Major fight promoters were wasting no time in realigning the heavyweight division after their main attraction, former champion Mike Tyson, was convicted in Indianapolis late Monday night of raping a teen-age beauty pageant contestant.
The promoters were insisting that there is life in boxing after Tyson, who once fascinated fight fans with his devastating power and menacing style.
"This verdict means absolutely nothing to boxing," said promoter Bob Arum, rival to Don King, who promoted Tyson's major fights the past few years. In some ways, it helps boxing, because it eliminates someone who is perceived as being a bad apple in the mix."
But Tyson's presence meant lucrative matches for pay-per-view promoters. TVKO had guaranteed heavyweight champion Evander Holyfield $30 million and Tyson $15 million to meet last November, but a rib injury to Tyson forced a postponement, and the fight could not be rescheduled before Tyson's rape trial began Jan. 27.
Said Seth Abraham, president of Timer-Warner Sports, the parent company of TVKO: "Obviously, Tyson's situation has a profound effect on the heavyweight division, and that connects with the lighter divisions. As the heavyweight class goes, so goes boxing."
Kathy Duva, wife of Dan Duva and spokeswoman for Main Events Inc., their promotional firm, said Tyson's importance is being overstated.
"Tyson was the man of the '80s, representing excess, overdrive and being out of control," she said. "Holyfield is the fighter for the '90s, a decent, hard-working guy who fosters a much better image outside the ring.
"And what people fail to realize is that Holyfield's two fights with Buster Douglas and George Foreman made more money than any fight in which Tyson was involved."
Holyfield had envisioned a match with Tyson as defining his place in heavyweight history. When the fight first was proposed, he said: "As far as history goes, it would be like Ali and Frazier. We're the two best in our sport, just like Ali and Frazier were in the '70s. People know they'd see a great fight."
Tyson remains free on $30,000 bond pending sentencing March 6. There is a chance he could remain free after sentencing while his conviction is appealed.
As long as the appeal process goes on, Tyson will be removed from the heavyweight equation. Holyfield's management team of Dan Duva and Shelly Finkel is considering three alternate opponents.
The most logical choice is unbeaten Riddick Bowe of Fort Washington, ranked No. 2 by the World Boxing Council, which threatened to strip Holyfield of his title if he failed to fight Tyson, No. 1 challenger.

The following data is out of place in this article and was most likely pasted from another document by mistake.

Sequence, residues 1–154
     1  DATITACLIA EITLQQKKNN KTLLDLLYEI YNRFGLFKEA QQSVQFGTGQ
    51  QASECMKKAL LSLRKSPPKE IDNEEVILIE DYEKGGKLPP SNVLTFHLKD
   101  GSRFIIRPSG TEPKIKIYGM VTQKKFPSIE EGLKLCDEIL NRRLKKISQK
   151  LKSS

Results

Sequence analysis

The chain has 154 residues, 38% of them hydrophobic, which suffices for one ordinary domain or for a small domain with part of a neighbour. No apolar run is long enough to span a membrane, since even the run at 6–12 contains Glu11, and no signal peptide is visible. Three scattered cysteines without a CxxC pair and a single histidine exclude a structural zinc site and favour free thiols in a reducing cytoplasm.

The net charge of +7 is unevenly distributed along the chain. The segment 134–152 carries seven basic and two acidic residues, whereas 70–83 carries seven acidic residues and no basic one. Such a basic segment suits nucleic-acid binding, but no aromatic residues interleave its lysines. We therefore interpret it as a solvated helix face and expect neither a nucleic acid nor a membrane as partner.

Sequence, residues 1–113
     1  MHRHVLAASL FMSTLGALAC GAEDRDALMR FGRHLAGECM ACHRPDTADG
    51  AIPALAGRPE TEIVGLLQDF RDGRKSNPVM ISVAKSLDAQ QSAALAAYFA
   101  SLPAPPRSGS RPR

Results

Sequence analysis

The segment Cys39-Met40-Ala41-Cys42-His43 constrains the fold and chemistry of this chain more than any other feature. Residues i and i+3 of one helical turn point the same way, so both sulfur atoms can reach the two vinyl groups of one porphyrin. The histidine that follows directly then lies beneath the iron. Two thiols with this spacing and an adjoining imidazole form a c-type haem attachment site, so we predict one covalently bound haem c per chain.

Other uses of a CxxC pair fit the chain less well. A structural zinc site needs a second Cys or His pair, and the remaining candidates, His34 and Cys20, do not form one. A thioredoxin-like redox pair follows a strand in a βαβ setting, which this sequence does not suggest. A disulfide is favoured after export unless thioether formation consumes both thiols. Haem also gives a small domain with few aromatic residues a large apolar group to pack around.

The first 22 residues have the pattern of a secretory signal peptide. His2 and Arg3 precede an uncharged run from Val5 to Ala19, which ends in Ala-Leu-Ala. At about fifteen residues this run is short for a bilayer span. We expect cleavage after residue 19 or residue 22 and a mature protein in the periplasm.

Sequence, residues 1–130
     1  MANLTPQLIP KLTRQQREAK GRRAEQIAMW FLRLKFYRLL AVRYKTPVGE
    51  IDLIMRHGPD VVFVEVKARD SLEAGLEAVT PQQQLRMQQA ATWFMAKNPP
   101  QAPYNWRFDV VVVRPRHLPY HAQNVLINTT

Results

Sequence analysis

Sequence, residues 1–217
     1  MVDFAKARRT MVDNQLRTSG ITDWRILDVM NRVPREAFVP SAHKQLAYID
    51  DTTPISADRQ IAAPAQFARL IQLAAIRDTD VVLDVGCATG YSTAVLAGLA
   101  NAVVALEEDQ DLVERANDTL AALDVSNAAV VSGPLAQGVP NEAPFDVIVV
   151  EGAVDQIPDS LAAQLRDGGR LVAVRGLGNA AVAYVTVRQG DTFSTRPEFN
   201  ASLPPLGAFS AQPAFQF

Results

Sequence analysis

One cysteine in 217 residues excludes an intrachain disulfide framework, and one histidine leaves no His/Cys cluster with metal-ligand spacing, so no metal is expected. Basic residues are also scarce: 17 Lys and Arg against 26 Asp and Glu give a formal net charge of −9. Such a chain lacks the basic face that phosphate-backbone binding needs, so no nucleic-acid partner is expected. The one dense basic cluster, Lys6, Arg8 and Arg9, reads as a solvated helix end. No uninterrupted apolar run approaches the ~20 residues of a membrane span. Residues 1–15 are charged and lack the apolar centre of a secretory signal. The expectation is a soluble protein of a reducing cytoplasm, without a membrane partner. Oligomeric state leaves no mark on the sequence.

But TVKO reportedly is pushing for Holyfield to fight former champion Larry Holmes, who scored a major upset of Ray Mercer Friday, or staging a rematch with George Foreman, who lost a 12-round decision to Holyfield last April.
Arum serves as promoter for Holmes and Foreman, and envisions a meeting between the two over-40 fighters as a bigger attraction than Holyfield against any of the three.
"There are a lot of possible combinations," said Finkel, "and they're all very interesting. "We're going to talk to Arum today [Tuesday] about both Holmes and Foreman. And then we'll see what we can arrange with Rock Newman [Bowe's manager-promoter].
"Then we'll decide which fight is best financially for Evander. We're looking at a title fight in May or June in Las Vegas, either at Caesars Palace or The Mirage."
Yesterday, Newman was in Las Vegas, negotiating with Steve Wynn, president of The Mirage.
"I'm relieved that we're, at least, getting a little closer to a title fight," said Newman. "Trying to negotiate the past few months, I've felt like we were on a plane, stuck out on the runway, and we can't go back to the airport without further orders."
But Newman said Holyfield-Bowe has more appeal than a Holmes-Foreman match.
"Larry and George are two legends," Newman said, "but you're still lacking electricity. There is no explosive potential like there was in Hearns vs. Leonard or Foreman vs. Holyfield. But Bowe provides that ingredient if he fights Holyfield."